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seized as prize and condemned as such ? If yea, set forth into what port she was carried, and by whom, and by wbat authority, or on what account she was condemned.

26. Have you sustained any loss by the seizing and taking the vessel concerning which you are now examined. If yea, in what manner do you compute such your loss. Have you already received any indemnity, satisfaction, or promise of satisfaction, for any part of the damage which you have sustained, or may sustain, by this capture and detention, and when and from whom ?

27. Is the said vessel or goods, or any, and what parts, insured. If yea, for what voyage is such insurance made, and at what premium, and when and by what persons, and in what country was such insurance made ?

28. In case you had arrived at your destined port, would your cargo, or any part thereof, on being unladen, have immediately become the property of the consignees, or any person, and whom. Or was the lader to take the chance of the market for the sale of his goods ?

29. Let each witness be interrogated of the growth, produce, and manufacture, on board the vessel; of what country and place was the lading concerning which they are now interrogated, or any part thereof.

30. Whether all the said cargo, or any and what part thereof, was taken from the shore, or quay, or removed, or transshipped from one vessel to another, from what and to what shore, quay, and vessel, and when and where was the same so done.

31. Are there in any country besides the United States, and where, or on board any and what vessel, or vessels, other than the vessel concerning which you are now examined, any bills of lading, invoices, letters, instruments, papers, or documents, relative to the said ressol or cargo, and of what nature are they, and what are their contents ?

32. Were any papers delivered out of the said vessel, and carried away in any manner whatsoever, and when, and by whom, and to whom, and in whose custody, possession, or power, do you believe the same now are ?

33. Was bulk broken during the voyage on which you were taken, or since the capture of the said vessel, and when, and where, by whom, and by whose orders, and for what purpose, and in what manner ?

34. Were any passengers on board the aforesaid vessel; were any of them secreted at the time of the capture. Who were the passengers by name.

Of wbat nation, rank, profession, or occupation. Had they any commission-for what purpose, and from whom. From what place were they taken on board, and when. To what place were they finally destined, and upon what business. Had any, and which of the passengers, any and what property, or concern, or authority, directly or indirectly, regarding the vessel and cargo. Were there any officers, soldiers, or mariners secreted on board, and for what reason were they secreted. Were any citizens of the United States on board, or secreted, or confined, at the time of the capture. How long, and why. Whether any persons on board the said vessel, at the time of her capture, were citizens or residents of any state or territory of the United States, then in a statı- of war or rebellion against the United States, its government and laws. If so, who by name, and of what state or territory. What was their employment on board the vessel, and what their destination ?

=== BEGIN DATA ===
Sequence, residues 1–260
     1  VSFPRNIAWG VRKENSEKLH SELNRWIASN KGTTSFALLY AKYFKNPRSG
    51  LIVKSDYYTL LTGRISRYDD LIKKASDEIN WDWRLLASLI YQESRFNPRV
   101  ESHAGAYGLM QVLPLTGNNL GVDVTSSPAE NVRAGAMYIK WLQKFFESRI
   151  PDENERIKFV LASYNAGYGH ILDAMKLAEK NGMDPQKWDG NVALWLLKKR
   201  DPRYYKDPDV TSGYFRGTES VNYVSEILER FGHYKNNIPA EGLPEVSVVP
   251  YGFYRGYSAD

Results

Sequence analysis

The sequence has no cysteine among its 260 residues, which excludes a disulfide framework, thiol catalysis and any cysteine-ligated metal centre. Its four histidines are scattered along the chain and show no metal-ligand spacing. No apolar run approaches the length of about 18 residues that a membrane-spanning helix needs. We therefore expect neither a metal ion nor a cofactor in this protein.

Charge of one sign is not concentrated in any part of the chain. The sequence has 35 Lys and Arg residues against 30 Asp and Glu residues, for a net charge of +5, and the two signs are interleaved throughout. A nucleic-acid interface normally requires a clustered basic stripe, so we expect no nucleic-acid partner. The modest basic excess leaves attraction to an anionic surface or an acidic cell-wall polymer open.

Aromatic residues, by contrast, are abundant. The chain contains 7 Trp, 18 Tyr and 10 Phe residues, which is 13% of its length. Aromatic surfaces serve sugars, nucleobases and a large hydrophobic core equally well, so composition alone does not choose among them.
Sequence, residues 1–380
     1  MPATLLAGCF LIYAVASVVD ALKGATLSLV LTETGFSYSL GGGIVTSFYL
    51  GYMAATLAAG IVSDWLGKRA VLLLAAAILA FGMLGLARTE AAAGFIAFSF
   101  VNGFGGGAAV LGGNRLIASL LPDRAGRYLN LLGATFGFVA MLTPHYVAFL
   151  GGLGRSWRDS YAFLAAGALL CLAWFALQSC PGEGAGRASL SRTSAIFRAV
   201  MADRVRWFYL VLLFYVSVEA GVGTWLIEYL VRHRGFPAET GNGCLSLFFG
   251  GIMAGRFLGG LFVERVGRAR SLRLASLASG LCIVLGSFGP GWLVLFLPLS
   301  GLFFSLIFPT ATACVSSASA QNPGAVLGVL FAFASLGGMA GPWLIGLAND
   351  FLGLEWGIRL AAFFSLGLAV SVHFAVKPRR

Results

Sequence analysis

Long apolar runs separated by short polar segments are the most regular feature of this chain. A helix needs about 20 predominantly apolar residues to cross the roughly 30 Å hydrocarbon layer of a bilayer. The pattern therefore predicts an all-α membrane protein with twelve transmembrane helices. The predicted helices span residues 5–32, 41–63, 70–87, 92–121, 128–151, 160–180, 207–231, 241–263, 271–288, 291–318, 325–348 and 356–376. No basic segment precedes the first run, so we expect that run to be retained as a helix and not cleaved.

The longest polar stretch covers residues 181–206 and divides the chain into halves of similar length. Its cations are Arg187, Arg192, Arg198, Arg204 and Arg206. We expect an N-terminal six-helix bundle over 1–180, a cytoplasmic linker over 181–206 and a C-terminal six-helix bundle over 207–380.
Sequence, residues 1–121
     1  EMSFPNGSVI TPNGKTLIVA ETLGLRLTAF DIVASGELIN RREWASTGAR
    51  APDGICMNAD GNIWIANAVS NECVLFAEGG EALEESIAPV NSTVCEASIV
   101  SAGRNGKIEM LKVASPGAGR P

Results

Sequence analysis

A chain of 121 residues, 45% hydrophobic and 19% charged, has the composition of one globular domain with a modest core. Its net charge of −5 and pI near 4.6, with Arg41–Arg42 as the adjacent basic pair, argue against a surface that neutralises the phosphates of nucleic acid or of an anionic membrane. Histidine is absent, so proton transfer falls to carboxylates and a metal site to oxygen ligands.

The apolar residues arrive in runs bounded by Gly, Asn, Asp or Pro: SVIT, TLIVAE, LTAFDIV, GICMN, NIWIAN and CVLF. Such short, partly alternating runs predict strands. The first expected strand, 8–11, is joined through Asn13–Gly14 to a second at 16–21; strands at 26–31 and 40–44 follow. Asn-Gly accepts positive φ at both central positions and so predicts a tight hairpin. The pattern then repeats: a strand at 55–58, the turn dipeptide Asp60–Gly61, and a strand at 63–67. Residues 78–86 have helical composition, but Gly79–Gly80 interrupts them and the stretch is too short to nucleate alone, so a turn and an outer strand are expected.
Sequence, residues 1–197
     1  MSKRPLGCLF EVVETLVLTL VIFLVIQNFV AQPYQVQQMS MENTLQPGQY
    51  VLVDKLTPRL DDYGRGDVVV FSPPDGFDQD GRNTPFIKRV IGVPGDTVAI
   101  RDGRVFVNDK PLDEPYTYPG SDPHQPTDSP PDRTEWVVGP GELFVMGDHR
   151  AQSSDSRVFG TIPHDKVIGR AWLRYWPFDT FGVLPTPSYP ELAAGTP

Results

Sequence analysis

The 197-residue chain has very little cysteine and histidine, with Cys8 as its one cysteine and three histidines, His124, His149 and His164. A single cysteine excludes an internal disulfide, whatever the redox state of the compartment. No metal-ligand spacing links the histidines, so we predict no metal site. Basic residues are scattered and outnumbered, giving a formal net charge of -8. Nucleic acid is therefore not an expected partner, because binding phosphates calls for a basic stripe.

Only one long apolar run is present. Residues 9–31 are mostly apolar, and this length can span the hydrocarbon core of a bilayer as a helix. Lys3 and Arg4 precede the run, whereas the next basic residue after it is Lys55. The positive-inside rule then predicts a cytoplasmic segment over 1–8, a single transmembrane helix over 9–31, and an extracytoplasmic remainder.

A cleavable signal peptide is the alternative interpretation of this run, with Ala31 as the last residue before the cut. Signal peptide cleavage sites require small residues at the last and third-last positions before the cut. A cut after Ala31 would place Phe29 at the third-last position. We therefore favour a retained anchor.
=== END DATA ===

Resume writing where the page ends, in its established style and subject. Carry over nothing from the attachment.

35. Were and are all the passports, sea-briefs, charter parties, bills of sale, invoices, and papers, which were found on board, entirely true and fair, or are any of them false or colorable. Do you know of any matter or circumstance to affect their credit. By whom were the passports or sea-briefs obtained, and from whom. Were they obtained for this vessel only, and upon the oath or affirmation of the persons therein described, or were they delivered to or on behalf of the person or persons who appear to have been sworn or to have affirmed thereto, without their having ever, in fact, made any such oath or affirmation. How long a time were they to last. Was any duty or fee payable and paid for the same, and is there any duty or fee to be paid on the renewal thereof. Have such passports been renewed, and how often, and has the duty or fee been paid for such renewal. Was the vessel in a port in the country where the passports and sea-briefs were granted, and if not, where was the vessel at the time. Had any person on board any passport, license, or leta ters of safe conduct. If yea, from whom, and for what business. If it should appear that there are in the United States, or in any other place or country besides the United States, any bills of lading, invoices, instruments, or papers, relative to the vessel and goods concerning which you are now examined, state how they were brought into such place or country. In whose possession are they, and do they differ from any of the papers on board,

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or in the United States, or elsewhere, and in what particular do they differ. Have you written or signed any letters or papers concerning the vessel and her cargo. What was their purport. To whom were they written and sent, and what has become of them?

36. Toward what port or place was the vessel steering her course, at the time of her being first pursued and taken. Was her course alterod upon the appearance of the vessel by which she was taken. Was her course at all times, when the weather would perinit, directed to the place or port for which she appears to have been destined by the ship papers. Was the vessel, before or at the time of her capture, sailing beyond or wide of the said place or port to which she was so destined by the said ship papers. At what distance was she therefrom. Was her course altered at any, and what time, and to what other port or place, and for what reason ?